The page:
Class of 1999 (1990) Retrospective

Beginning narration states that throughout the 1990s, violence in American high schools had spiraled out of control, with areas in most major cities being taken over by youth gangs, resulting in some schools shutting down.

In 1999, special areas known as “free fire zones” have discouraged police from entering out of fear. Seattle’s Lincoln High School is in the middle of a free fire zone, thus the Department of Education Defense (D.E.D.), a pilot special government agency, has been notified. Working with MegaTech head Dr. Bob Forrest, an experiment begins where three former military robots have become android educators. Forrest introduces school coach Mr. Bryles, History teacher Mr. Hardin, and Chemistry teacher Ms. Connors to the Board of Education. Impressed with the new teachers, new principal Miles Langford has announced that former delinquents who are imprisoned will be released as part of the new experiment, which would allow new methods of discipline from the new teachers.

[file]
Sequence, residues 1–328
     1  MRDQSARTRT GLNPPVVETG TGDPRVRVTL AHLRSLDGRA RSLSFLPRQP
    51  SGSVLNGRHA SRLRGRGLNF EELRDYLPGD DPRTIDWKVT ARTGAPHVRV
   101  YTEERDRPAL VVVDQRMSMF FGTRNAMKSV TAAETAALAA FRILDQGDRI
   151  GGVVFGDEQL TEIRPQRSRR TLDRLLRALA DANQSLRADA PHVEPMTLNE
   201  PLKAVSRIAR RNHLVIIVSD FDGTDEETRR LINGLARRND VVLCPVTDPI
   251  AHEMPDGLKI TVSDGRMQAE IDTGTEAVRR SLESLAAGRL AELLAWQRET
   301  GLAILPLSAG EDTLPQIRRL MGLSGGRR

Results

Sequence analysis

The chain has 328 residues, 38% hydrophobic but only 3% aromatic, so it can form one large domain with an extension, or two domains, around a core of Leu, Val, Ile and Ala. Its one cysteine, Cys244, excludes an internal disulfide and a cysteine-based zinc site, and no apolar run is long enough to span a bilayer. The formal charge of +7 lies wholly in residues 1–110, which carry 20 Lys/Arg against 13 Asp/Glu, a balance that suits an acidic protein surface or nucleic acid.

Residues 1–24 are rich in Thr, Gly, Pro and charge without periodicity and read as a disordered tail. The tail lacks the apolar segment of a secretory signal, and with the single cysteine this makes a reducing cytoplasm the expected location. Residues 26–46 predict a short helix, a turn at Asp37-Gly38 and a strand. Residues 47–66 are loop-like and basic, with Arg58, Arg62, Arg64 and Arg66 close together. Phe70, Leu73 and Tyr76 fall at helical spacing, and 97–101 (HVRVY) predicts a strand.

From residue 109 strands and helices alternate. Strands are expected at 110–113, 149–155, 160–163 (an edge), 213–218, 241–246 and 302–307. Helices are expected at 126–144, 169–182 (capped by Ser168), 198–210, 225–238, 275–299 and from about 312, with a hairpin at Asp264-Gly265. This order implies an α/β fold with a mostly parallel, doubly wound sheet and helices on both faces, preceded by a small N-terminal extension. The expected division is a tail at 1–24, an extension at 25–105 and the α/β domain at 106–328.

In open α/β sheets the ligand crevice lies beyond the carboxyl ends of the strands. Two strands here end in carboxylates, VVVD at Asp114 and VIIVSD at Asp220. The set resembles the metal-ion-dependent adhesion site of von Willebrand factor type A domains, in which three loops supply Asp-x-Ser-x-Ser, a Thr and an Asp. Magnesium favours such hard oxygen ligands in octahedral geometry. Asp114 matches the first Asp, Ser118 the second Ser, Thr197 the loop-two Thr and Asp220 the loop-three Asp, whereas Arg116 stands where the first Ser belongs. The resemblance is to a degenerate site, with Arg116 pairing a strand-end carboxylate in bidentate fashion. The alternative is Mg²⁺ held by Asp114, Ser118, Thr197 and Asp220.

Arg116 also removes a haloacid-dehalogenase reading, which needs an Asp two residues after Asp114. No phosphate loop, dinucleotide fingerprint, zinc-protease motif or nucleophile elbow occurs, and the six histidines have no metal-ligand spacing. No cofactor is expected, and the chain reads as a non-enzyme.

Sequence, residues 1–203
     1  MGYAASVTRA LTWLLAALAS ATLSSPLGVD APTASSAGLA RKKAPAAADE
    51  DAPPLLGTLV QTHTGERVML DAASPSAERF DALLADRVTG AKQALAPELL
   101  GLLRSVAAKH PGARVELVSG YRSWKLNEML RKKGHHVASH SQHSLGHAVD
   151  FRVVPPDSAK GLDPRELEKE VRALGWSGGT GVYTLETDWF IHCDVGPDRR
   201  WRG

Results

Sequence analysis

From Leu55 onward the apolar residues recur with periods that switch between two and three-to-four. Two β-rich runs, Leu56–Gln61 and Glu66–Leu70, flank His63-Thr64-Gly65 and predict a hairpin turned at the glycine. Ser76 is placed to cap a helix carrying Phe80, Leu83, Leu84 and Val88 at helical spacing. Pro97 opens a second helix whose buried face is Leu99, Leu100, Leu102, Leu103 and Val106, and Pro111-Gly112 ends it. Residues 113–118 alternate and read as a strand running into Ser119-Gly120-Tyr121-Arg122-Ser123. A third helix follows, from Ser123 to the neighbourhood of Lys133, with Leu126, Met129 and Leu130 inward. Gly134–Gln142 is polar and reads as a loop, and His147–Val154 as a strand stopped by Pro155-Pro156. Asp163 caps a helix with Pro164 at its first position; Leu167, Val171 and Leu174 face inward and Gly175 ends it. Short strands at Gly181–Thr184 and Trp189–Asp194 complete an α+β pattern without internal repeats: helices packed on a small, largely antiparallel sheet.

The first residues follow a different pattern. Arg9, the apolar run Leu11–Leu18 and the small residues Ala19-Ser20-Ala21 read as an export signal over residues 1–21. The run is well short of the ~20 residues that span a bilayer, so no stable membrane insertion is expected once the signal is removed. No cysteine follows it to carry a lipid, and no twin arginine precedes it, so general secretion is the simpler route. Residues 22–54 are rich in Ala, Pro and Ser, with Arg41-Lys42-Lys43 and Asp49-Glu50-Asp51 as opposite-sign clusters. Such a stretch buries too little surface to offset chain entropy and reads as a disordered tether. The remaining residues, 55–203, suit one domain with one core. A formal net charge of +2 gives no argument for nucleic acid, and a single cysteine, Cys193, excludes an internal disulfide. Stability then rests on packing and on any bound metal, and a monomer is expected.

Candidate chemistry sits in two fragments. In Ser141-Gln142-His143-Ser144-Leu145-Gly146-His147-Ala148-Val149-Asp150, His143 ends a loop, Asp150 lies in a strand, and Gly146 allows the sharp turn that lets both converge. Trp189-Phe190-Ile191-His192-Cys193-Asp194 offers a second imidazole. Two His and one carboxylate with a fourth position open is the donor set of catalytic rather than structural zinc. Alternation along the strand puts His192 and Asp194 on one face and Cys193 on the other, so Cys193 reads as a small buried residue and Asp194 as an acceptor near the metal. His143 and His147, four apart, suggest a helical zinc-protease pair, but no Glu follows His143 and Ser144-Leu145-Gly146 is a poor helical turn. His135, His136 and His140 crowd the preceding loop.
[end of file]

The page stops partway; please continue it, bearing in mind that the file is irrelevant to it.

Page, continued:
One such delinquent is Cody Culp, a member of the Blackhearts gang. Out of prison, Cody has decided to lay low and avoid any gang warfare, especially with the rivals Razorheads, led by Hector. After a car chase, Cody, his younger adopted brother Sonny and his younger biological brother Angel make it to school. Sonny is taken in by the new school guards after he confronts them as they check the car for weapons or drugs. Blackheart member Curt, who thanks to Angel learns Cody no longer wants to be in a gang, informs Cody that if he is not with them, then he is against them. Still, Cody sticks to laying low and attends class. In chemistry class, Ms. Connors attempts calmly talk down Hector and another Razorhead. When the two Razorheads attempt to confront Ms. Connors, she uses fighting skills to take them down and make them sit in their seats. This pleases Forrest and MegaTech, who are in the basement, disguised as a DED control center. When Mr. Hardin’s history class is interrupted by a fight between Curt and Razorhead member Flavio, Hardin resorts to using corporal punishment and puts the class in line. Returning home, Cody is shocked to find his brothers and his mother are addicted to the drug known as “edge”. Upset and angry, he leaves and goes on his motorcycle, returning home later that night.